Open Access

Targeting metastatic cancer from the inside: A new generation of targeted gene delivery vectors enables personalized cancer vaccination in situ

  • Authors:
    • Erlinda M. Gordon
    • John P. Levy
    • Rebecca A. Reed
    • W. Nina Petchpud
    • Liqiong Liu
    • Carlan B. Wendler
    • Frederick L. Hall
  • View Affiliations

  • Published online on: October 1, 2008     https://doi.org/10.3892/ijo_00000052
  • Pages: 665-675
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Abstract

The advent of pathotropic (disease-seeking) targeting technologies, combined with advanced gene delivery vectors, provides a unique opportunity for the systemic delivery of immunomodulatory cytokine genes to remote sites of cancer metastasis. When injected intravenously, such pathotropic nanoparticles seek out and accumulate selectively at sites of tumor invasion and neo-angiogenesis, resulting in enhanced gene delivery, and thus cytokine production, within the tumor nodules. Used in conjunction with a primary tumoricidal agent (e.g., Rexin-G) that exposes tumor neoantigens, the tumor-targeted immunotherapy vector is intended to promote the recruitment and activation of host immune cells into the metastastic site(s), thereby initiating cancer immunization in situ. In this study, we examine the feasibility of cytokine gene delivery to cancerous lesions in vivo using intravenously administered pathotropically targeted nanoparticles bearing the gene encoding granulocyte/macrophage colony-stimulating factor (GM-CSF; i.e., Reximmune-C). In vitro, transduction of target cancer cells with Reximmune-C resulted in the quantitative production of bioactive and immunoreactive GM-CSF protein. In tumor-bearing nude mice, intravenous infusions of Reximmune-C-induced GM-CSF production by transduced cancer cells and paracrine secretion of the cytokine within the tumor nodules, which promoted the recruitment of host mononuclear cells, including CD40+ B cells and CD86+ dendritic cells, into the tumors. With the first proofs of principle established in preclinical studies, we generated an optimized vector configuration for use in advanced clinical trial designs, and extended the feasibility studies to the clinic. Targeted delivery and localized expression of the GM-CSF transgene was confirmed in a patient with metastatic cancer, as was the recruitment of significant tumor-infiltrating lymphocytes (TILs). Taken together, these studies provide the first demonstrations of cytokine gene delivery to cancerous lesions following intravenous administration and extend the applications of cancer immunization in vivo.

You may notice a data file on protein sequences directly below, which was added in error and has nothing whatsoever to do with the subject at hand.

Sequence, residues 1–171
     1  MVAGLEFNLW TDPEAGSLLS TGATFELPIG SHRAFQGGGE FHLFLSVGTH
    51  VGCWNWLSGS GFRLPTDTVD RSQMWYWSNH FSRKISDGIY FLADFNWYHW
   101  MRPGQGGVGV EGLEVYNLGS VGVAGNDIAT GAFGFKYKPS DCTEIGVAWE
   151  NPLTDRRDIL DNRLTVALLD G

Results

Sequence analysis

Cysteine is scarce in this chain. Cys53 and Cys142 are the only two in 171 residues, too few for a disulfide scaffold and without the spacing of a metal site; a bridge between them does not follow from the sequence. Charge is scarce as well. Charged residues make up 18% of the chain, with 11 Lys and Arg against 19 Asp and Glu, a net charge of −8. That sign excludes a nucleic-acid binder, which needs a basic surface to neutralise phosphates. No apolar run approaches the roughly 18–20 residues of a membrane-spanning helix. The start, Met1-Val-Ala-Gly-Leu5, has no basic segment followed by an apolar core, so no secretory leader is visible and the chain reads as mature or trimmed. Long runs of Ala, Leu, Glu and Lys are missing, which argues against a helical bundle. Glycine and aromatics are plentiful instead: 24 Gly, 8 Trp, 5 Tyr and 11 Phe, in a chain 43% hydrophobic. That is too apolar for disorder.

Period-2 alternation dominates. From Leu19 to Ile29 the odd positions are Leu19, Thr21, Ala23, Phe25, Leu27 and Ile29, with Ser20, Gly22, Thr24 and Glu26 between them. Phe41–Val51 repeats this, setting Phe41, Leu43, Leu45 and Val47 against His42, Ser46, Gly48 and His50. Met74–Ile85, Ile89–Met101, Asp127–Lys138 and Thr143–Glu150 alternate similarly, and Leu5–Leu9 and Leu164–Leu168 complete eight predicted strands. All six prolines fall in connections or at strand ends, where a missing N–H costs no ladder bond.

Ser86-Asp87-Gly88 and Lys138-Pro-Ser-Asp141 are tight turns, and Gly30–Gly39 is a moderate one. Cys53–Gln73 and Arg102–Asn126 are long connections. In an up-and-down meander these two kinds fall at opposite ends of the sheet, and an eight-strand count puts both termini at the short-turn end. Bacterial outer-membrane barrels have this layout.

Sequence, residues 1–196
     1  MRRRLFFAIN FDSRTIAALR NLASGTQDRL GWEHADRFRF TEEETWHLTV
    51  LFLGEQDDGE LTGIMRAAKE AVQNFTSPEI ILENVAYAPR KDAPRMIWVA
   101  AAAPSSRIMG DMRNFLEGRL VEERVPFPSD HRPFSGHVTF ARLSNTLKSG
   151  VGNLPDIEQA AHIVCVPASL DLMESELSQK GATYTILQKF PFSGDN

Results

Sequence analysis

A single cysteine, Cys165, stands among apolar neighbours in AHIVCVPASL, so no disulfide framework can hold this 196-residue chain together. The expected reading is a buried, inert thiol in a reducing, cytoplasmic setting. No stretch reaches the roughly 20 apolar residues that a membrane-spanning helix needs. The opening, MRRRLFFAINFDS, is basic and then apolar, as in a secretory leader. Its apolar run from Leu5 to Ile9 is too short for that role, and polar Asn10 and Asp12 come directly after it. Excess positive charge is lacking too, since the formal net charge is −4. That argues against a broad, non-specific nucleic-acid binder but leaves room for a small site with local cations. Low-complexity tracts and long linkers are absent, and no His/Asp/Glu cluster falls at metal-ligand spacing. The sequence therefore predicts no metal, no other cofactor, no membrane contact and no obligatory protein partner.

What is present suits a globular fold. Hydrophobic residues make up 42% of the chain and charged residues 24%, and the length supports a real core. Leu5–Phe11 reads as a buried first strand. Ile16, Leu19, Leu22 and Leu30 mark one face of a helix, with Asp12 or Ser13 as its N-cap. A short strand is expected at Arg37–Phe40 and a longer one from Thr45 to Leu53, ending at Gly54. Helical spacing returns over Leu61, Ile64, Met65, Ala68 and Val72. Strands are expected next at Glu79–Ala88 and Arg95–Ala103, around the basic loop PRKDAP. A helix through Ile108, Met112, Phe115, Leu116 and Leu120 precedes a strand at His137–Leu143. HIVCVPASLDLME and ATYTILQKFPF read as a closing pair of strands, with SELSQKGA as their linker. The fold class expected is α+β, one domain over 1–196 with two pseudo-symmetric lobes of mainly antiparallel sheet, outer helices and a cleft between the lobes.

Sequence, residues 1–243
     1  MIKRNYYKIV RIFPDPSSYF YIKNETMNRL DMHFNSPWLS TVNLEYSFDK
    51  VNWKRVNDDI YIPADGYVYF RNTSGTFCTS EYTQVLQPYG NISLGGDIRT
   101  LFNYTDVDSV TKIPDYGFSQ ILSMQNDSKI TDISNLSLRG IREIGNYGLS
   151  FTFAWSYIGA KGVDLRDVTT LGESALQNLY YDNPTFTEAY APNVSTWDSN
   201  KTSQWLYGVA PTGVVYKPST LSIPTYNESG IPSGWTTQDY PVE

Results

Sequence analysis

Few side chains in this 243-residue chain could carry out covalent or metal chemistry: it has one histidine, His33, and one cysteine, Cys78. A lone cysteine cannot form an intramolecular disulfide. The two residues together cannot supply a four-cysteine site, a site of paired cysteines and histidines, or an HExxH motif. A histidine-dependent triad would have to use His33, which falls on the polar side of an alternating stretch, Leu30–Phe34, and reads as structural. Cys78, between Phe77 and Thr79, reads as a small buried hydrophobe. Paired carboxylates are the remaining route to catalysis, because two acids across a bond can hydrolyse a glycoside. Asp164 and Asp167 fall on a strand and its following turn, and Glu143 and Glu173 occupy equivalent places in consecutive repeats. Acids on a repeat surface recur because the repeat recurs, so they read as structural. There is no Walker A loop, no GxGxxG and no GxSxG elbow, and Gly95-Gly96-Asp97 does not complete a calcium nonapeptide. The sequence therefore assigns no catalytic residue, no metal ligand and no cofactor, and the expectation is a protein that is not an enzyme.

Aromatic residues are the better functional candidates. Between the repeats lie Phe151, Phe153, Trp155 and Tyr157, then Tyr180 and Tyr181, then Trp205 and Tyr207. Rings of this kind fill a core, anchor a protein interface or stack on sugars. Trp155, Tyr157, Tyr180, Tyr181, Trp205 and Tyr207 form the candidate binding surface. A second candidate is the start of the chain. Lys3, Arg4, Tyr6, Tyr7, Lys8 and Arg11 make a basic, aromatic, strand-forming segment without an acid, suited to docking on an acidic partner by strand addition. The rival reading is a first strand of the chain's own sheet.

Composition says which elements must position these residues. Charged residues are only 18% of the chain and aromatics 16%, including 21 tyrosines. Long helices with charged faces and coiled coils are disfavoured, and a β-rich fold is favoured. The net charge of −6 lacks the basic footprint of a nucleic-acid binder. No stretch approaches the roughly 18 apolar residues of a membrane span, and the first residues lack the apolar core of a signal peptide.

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October 2008
Volume 33 Issue 4

Print ISSN: 1019-6439
Online ISSN:1791-2423

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APA
Gordon, E.M., Levy, J.P., Reed, R.A., Petchpud, W.N., Liu, L., Wendler, C.B., & Hall, F.L. (2008). Targeting metastatic cancer from the inside: A new generation of targeted gene delivery vectors enables personalized cancer vaccination in situ. International Journal of Oncology, 33, 665-675. https://doi.org/10.3892/ijo_00000052
MLA
Gordon, E. M., Levy, J. P., Reed, R. A., Petchpud, W. N., Liu, L., Wendler, C. B., Hall, F. L."Targeting metastatic cancer from the inside: A new generation of targeted gene delivery vectors enables personalized cancer vaccination in situ". International Journal of Oncology 33.4 (2008): 665-675.
Chicago
Gordon, E. M., Levy, J. P., Reed, R. A., Petchpud, W. N., Liu, L., Wendler, C. B., Hall, F. L."Targeting metastatic cancer from the inside: A new generation of targeted gene delivery vectors enables personalized cancer vaccination in situ". International Journal of Oncology 33, no. 4 (2008): 665-675. https://doi.org/10.3892/ijo_00000052